Tag Archives: Stephanie Ansin
Stephanie Ansin, who championed stylized and intellectually challenging theater for children, is stepping down from the leadership of Miami Theater Center, the groundbreaking company she co-created 12 years ago.
There’s a daringness to Stephanie Ansin’s vision at Miami Theater Center that makes you find things to love about a piece, even one that ends up having more than a few problems. As a continuation of her exploration of themes of isolation and entrapment, Ansin and company have chosen Tennessee Williams’ The Two Character Play.
An Opinion Piece By Spencer Stewart. Mr. Stewart has objected to many aspects of our review of Miami Theater Center’s production of The Seven Year Itch and has views about the value of criticism in general. We felt that the in our commitment to dialogue, we should publish with his permission his thoughts verbatim
We want theaters to take chances and Miami Theater Center has bravely invested its artistic vision into classics like Three Sisters. But MTC has missed the target so badly in its misbegotten revival of the 1952 sex comedy The Seven Year Itch that you only thing you want to scratch is your head.
After a half-century of sympathetic portraits of Hedda Gabler as a woman suffocating in a sexist societal straightjacket, Miami Theater Center gives us a cool, manipulative, self-centered creature whose primary complaint is she’s bored.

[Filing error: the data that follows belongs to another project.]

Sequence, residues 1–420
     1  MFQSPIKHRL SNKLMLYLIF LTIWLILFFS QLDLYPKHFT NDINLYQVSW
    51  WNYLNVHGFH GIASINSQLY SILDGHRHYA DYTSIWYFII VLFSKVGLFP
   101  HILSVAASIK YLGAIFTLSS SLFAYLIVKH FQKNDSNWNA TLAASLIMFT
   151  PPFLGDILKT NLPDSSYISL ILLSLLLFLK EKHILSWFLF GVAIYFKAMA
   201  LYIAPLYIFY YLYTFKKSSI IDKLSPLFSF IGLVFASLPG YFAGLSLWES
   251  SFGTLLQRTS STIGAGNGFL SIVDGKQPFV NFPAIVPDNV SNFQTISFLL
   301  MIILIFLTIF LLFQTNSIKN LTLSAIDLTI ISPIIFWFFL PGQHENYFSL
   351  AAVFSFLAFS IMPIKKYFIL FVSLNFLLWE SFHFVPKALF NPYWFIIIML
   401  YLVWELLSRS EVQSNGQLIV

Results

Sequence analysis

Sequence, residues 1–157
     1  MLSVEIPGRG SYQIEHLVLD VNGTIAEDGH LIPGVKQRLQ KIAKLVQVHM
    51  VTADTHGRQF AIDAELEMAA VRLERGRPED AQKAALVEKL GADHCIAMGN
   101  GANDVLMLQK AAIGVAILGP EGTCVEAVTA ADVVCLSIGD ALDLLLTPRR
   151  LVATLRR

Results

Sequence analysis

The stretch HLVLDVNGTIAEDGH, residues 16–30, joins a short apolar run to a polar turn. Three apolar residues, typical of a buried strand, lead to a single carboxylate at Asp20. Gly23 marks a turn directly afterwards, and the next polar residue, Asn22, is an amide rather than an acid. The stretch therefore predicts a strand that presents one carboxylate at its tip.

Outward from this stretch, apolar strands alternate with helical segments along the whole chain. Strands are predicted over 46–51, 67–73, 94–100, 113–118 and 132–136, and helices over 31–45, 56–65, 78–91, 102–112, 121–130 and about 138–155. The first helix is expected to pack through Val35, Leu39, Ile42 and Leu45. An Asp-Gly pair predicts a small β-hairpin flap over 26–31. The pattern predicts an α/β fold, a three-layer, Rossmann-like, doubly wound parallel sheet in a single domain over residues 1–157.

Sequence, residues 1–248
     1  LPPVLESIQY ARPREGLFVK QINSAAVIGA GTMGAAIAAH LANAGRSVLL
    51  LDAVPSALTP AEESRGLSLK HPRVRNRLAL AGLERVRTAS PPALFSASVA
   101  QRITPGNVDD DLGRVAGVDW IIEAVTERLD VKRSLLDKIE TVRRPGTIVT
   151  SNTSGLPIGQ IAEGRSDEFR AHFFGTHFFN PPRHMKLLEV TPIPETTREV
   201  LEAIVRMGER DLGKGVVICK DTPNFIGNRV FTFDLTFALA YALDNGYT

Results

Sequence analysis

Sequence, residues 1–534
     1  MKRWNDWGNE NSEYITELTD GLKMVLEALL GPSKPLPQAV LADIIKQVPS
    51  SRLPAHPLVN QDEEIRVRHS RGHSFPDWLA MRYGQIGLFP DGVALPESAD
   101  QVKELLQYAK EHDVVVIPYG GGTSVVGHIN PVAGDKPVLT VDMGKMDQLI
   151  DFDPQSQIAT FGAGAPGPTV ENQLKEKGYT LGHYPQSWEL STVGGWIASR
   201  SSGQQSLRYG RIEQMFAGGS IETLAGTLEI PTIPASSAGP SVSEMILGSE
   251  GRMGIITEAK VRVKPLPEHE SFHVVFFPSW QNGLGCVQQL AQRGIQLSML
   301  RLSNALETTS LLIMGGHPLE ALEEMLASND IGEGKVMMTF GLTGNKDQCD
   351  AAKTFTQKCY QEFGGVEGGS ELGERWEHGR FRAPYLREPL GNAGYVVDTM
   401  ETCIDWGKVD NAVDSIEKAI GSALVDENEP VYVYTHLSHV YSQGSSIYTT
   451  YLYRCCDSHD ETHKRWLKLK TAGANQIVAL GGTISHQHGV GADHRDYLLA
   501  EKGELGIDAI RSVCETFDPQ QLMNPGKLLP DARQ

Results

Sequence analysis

The magic of serendipity: It’s difficult to imagine — without being boxed into it as Miami Theater Company was — how an artistic director would thematically put together a season encompassing Hedda Gabler and The Seven Year Itch.
Even though Miami Theater Center wants “children’s shows” to be enjoyed by all generations, Everyone Drinks The Same Water is likely to be most appreciated by middle schoolers. As always, the production is splendid. But its subject matter about tolerance seems a bit too sophisticated for the elementary school and too simplistic for the high schoolers and adults.
“Learning to work through inbred intolerance” is not the kids’ stuff of an ABC Afterschool Special, but Miami Theater Center’s vision has always differed radically from what is often dismissed as children’s theater. Its world premiere, Everybody Drinks The Same Water, opening next week, is a thematically ambitious project designed to entertain and educate audiences ranging from students to their grandparents.
Teenagers may hold the survival secrets for South Florida theaters to build a crucial new generation of patrons. Students say they seek theater that is relevant, affordable, accessible, less elitist, touching the head and the heart, marketed through cyber-word of mouth, and pumped with sensory candy. Above all, their interest has to be stimulated as early as elementary school.
Miami Theater Center’s inaugural adult project, a fresh vision of Chekhov’s Three Sisters, is not a smoothly gelling work of art, let alone entertainment. The flaws are considerable, persistent and cannot be discounted. But they are outweighed by sustained bursts of dazzling imagination, passion, skill, craft, ingenuity and a commitment to creating a unique theatrical experience.